How Much Electricity Do Space Heaters Use?
Space heaters generate heat by passing an electric current through the appliance, which turns that electricity into heat and spreads it indoors. Some heaters, like ceramic heaters have coils, a reflector, and a ceramic core. Others, like infrared heaters may contain a bulb that emits infrared radiation, a copper heat exchanger, and a fan. Regardless of what kind of space heater you use, knowing how much electricity it uses can be very helpful information.
Space Heater Energy Usage
The basic equation for a space heater’s cost per day is:
(Wattage/1000) x (usage per day by hours) * (Kilowatt-hour cost)
To determine your space heater’s electricity usage, first find the wattage of the appliance. You can usually see this information in your owner’s manual or printed on the heater itself. The wattage determines how much electricity is necessary to power your unit. Most electric heaters require 1,500 watts, but yours may be a little lower or higher. For reference, 1,000 watts is the equivalent of one kilowatt, so your electric heater most likely requires 1.5 kilowatts of power.
Kilowatt-hours (kWh) are the basis of your electricity bill. This is how much energy you use when a one-kilowatt appliance is running for 60 minutes. You can determine your electrical usage by multiplying the number of hours you will be using your heater and the number of watts.
For example, you might want to keep a room warm for 8 hours with your trusty space heater, so you’d multiply those 9 hours by 1,500 then divide by 1,000 for a total of 12 kilowatt-hours.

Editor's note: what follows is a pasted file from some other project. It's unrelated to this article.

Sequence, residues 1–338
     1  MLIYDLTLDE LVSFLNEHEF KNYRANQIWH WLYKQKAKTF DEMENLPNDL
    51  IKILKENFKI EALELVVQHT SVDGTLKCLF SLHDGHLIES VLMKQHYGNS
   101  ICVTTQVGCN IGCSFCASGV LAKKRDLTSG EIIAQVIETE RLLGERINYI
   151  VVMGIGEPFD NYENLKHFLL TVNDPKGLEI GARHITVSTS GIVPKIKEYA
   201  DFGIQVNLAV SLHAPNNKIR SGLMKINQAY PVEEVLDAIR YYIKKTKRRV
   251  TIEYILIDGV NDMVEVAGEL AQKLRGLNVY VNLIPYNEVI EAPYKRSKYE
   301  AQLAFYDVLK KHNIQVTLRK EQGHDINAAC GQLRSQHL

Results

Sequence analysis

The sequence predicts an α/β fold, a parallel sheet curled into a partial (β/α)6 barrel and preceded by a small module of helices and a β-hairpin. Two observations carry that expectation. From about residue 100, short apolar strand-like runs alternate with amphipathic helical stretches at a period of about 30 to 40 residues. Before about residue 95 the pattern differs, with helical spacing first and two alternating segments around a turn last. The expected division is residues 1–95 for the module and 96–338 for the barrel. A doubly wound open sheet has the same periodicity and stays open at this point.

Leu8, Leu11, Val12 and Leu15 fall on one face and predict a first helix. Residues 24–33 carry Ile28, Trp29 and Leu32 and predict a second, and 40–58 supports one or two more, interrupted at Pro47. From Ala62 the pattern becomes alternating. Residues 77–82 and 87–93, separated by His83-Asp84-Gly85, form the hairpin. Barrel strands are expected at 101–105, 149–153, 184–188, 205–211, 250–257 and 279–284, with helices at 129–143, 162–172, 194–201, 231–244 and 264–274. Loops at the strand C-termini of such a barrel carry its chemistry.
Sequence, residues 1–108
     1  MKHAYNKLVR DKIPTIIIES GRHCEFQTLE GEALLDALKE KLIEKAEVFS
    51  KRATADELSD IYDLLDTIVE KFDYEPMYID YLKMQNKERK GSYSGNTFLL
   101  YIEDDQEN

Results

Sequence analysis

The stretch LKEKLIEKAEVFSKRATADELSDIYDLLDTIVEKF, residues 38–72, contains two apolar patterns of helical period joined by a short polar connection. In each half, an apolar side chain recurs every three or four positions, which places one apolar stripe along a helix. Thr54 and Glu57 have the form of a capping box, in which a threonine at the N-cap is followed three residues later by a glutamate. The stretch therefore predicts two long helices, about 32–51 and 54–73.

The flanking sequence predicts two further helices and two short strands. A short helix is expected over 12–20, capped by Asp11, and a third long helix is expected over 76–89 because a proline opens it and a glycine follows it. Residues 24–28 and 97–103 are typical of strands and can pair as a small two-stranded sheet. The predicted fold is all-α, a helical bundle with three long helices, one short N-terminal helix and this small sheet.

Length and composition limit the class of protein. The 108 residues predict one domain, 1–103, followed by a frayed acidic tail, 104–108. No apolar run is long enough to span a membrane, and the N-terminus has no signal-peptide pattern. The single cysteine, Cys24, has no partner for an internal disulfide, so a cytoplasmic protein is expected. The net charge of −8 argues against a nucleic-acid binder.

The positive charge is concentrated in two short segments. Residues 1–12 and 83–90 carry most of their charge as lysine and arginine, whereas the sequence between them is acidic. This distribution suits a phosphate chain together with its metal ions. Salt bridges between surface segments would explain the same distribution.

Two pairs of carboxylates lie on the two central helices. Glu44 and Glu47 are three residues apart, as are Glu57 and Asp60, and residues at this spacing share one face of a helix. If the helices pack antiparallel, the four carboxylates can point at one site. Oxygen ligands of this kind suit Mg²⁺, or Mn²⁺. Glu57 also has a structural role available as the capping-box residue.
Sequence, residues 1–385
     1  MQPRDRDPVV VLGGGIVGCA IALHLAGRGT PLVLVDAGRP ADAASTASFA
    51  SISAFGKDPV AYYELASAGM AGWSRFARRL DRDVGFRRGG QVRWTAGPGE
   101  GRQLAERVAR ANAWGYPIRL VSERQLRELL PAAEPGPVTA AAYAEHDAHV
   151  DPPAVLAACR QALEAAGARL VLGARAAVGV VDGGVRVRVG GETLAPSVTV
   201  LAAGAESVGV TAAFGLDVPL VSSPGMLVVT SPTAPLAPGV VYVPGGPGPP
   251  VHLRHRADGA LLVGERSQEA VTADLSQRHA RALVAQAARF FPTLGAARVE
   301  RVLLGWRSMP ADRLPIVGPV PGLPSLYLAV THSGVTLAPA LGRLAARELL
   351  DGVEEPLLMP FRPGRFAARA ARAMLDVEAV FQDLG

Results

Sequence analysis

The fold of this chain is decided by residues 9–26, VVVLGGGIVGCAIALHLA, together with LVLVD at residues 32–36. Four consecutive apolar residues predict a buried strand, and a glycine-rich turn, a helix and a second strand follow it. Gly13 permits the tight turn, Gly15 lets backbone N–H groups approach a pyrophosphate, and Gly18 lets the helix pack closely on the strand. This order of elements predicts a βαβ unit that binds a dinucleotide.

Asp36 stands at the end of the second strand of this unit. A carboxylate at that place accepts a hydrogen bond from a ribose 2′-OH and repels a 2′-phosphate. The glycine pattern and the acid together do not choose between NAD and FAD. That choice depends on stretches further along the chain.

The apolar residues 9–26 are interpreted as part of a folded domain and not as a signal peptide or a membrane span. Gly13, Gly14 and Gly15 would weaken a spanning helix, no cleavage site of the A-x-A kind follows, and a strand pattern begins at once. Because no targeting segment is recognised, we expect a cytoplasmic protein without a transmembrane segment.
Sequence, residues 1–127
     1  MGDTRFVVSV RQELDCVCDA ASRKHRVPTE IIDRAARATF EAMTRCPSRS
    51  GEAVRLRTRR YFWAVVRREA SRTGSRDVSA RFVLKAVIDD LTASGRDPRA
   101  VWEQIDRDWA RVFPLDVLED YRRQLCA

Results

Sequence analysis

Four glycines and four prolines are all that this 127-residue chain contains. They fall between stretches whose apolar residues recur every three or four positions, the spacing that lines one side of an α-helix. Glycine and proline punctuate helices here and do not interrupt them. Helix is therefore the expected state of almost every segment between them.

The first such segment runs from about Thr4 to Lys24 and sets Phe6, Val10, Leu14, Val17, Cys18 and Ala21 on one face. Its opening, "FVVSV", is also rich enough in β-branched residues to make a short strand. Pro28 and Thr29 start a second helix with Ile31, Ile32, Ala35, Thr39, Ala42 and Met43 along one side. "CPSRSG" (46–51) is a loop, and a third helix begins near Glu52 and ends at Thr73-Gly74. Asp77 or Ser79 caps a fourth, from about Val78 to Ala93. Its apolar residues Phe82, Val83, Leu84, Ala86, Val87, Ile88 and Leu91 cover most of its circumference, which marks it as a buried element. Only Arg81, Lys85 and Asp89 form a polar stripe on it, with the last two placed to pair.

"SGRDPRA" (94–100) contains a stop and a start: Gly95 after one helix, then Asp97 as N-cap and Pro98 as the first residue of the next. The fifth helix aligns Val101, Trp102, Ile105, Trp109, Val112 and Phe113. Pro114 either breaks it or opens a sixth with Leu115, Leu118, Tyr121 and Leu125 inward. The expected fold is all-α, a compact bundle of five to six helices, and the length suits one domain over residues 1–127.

Now take the rate charged by your utility company for electricity and multiply the number. A standard price a residential customer in the US is about 13 cents per kWh. If we use the above formula, that comes out to a total of $1.56 for that day.
Example: (1,500w/1,000) x (12 hours) * ($.13/kWh) = $1.56
Decrease Your Energy Bills
There are a few ways to save money when heating rooms with an electric space heater to ensure maximum efficiency. The tips below will help you maximize your energy usage while decreasing your overall costs.
This one might sound simple, but a little insulation goes a long way, especially in older houses. You can help keep cold air out of your home while keeping warm air in by adding insulation to your basement, attic, floors, ceilings, and crawl spaces.
You can lose a surprising amount of heat through the points where plumbing and electrical lines pass through your home. Prevent leakage by caulking around these points to form a seal.
Set Your Thermostat Strategically
You can decrease your energy bill between five and 15 percent every year by setting your thermostat between 10 and 15 degrees lower for eight hours per day. Make it easier by using a smart thermostat.
Decrease Heat in Other Rooms
Heating up a whole home or office takes up a lot of energy. Instead, consider saving money by heating only the rooms you need. If you only heat or supplement the heat in a room, you’ll save quite a bit on energy bills. If you have central heating, lower the temperature and use your space heater to heat the room you’re actually in.
Use a Timer
If you constantly run your space heater when a room is empty, you’re wasting that energy. Instead, use your heater’s timer to automatically shut it off after a period of time. If push comes to shove, you can simply turn your unit back on.
Choose the Right Space Heater
There are plenty of different types to choose from, so consider using this guide on space heaters. And if you’re solely focused on energy efficiency, read our guide on the best energy efficient space heaters.
To help ensure your safety, purchase a quality electric space heater as opposed to taking an old one out of your basement or attic. For the best energy efficiency, look for a heater with a thermostat or timer to prevent overheating your room. And remember to be safe while operating your space heater.
For more tips on keeping your home warm during cold months, read 9 Simple Ways to Keep Rooms Warm in Winter.
Still have questions? Ask an HVAC expert directly via chat or phone.
Published on 2020-10-25 by Ben Travis
Last updated on 2020-10-25